Leinhardt, G., E. Beck, and C. Stainton (eds). Teaching and Learning in History. Hillsdale, NJ: Lawrence Erlbaum, 1994.
The seven chapters in this book are centered on the following general questions: How is history explained by students and by teachers? And, what factors affect the quality of history teaching? Through this collection of studies into history teaching and learning, the editors seek to contribute to research within the discipline and to provide tools for history educators concerned with improving their teaching.
The first two chapters focus on issues of students’ learning and understanding of history. While McKeown and Beck draw from a study conducted with fifth grade students in an American classroom, Halldén draws from his previous studies with Swedish high school students. In the first chapter, McKeown and Beck conclude that a set of commonly used fifth grade textbooks are incoherent and assume an unrealistic variety of background knowledge from the students. Based on interviews with students who worked with rewritten parts of the original text and who were provided with a lesson on the necessary background information, the authors provide a lengthy set of suggestions for improving history learning. Similarly, in the second chapter Halldén concludes that students contextualize historical material from within their own personal understanding of history and provides recommendations for how history teachers can meet this learning style.
Chapters three and four also examine student learning but with a specific focus on how college students as well as historians interpret historical documents such as autobiographies and newspaper articles. In chapter three Britt et al. ground their study of American college students’ interpretation and use of an array of historical texts on their previously drawn conclusion that, generally, students learn best when historical material is presented in narrative form. However, because the results of this study show that older students are able to understand the narrative’s complex structure that includes events and their causal connections, they suggest that older students should be provided with texts that present information using an argument model in conjunction with a narrative model. In chapter four Wineburg, like McKeown and Beck, grounds his analysis on theories of reading and textual interpretation concluding that, despite varied levels of expertise, the American historians he interviewed tend to understand a historical text as belonging to a corpus that in its totality can serve as evidence. The chapter ends with suggestions for further research.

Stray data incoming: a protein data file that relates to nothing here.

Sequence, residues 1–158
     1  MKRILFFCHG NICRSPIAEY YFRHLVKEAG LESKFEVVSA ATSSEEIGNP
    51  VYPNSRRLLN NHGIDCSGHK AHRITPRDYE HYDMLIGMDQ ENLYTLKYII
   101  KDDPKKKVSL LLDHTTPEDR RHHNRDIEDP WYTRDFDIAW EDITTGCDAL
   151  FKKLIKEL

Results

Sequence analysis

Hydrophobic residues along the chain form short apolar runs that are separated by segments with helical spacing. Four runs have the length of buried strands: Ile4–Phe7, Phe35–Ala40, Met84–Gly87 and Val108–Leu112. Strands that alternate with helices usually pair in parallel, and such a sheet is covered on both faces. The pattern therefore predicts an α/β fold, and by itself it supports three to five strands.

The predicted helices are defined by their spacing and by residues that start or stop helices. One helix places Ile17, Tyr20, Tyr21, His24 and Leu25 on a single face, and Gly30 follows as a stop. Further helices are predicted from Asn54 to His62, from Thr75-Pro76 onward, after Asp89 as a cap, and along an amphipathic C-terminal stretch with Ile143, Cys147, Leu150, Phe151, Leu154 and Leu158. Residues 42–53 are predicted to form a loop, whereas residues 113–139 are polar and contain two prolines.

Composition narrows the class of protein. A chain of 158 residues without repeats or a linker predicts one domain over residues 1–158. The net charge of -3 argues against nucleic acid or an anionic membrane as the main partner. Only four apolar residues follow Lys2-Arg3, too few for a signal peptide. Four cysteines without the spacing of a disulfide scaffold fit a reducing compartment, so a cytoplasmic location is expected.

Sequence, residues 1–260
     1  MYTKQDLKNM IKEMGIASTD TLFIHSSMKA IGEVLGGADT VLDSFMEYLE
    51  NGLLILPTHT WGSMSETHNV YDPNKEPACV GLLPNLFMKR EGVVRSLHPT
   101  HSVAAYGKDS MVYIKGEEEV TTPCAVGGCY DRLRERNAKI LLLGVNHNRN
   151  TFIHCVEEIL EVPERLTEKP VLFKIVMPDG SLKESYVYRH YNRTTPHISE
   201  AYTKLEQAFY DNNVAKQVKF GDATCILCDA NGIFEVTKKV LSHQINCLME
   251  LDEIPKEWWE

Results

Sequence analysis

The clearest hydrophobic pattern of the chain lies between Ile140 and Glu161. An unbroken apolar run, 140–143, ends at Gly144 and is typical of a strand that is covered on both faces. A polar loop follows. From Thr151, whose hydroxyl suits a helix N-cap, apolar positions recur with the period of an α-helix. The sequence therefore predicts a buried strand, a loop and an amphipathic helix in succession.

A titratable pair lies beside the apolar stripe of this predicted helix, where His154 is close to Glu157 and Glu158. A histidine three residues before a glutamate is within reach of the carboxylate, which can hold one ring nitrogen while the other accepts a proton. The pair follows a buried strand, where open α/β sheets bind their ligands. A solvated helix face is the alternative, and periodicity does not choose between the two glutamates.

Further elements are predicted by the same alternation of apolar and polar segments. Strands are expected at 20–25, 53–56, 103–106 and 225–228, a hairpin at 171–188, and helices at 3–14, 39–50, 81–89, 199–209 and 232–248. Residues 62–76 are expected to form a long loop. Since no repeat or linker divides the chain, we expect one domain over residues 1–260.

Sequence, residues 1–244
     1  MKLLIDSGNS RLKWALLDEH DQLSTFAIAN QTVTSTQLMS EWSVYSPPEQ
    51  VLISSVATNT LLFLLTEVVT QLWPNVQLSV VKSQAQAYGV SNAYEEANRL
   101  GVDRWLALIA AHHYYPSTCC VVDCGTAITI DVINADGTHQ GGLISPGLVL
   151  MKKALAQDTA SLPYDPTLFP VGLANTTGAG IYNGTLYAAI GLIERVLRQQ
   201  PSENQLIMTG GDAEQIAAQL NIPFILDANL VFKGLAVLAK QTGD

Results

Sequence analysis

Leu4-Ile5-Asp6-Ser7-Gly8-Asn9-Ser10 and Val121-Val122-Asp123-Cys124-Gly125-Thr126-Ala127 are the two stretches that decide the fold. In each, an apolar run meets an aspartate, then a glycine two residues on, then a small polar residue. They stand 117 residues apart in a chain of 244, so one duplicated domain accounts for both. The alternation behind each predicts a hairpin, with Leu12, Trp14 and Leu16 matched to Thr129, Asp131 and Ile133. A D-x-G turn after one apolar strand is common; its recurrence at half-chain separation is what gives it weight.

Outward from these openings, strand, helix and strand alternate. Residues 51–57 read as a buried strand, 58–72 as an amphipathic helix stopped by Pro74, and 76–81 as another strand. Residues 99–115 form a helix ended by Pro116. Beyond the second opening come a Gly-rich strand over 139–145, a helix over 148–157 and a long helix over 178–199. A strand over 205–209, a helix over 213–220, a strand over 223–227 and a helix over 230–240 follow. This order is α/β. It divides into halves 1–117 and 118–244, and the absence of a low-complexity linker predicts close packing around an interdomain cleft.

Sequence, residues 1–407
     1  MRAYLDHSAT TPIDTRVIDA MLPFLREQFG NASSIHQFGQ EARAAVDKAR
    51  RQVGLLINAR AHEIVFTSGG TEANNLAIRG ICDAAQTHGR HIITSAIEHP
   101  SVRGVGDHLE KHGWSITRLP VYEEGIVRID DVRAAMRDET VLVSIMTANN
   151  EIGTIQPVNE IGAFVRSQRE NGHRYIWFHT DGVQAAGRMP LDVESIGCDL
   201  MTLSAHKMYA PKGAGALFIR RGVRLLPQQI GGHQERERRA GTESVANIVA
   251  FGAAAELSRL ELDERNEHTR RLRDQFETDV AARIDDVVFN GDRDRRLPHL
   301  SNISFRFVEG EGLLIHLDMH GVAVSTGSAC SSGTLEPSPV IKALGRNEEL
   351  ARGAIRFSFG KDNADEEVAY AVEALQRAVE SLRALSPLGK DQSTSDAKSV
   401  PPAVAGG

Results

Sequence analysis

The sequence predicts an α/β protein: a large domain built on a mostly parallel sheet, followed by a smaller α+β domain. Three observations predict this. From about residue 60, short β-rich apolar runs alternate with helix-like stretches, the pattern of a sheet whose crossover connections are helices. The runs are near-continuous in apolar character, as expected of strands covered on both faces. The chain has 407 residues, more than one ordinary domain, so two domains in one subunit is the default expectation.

Similar to the preceding two chapters, Greene also focuses on American college-aged learners and historians. In chapter five he examines how college students in a European history course constructed meaning of previously learned historical events through two different writing tasks. Overall, students found it more difficult to write a report than an analysis or problem-based essay because they lacked the necessary disciplinary knowledge to do so. This was not the case for the historians. In conclusion, the author suggests that teachers should provide students with the opportunity to learn the critical thinking and research skills developed and valued by historians.
The final two chapters focus on history teaching from the historian’s as well as the teacher’s perspective. Drawing from surveys and interviews conducted with history teachers in American high schools, observations of their teaching, and interviews with students, in chapter six Evans concludes that history teaching maintains student apathy about society and the world. While Evans does not provide much information in the way of suggestions to remedy this issue, the book closes with recommendations for teaching history as a process of construction and reconstruction rather than a collection of events and dates. Specifically, in chapter seven Leinhardt outlines how it is that teachers and historians can work towards redefining history as a process that can foster mindful learners.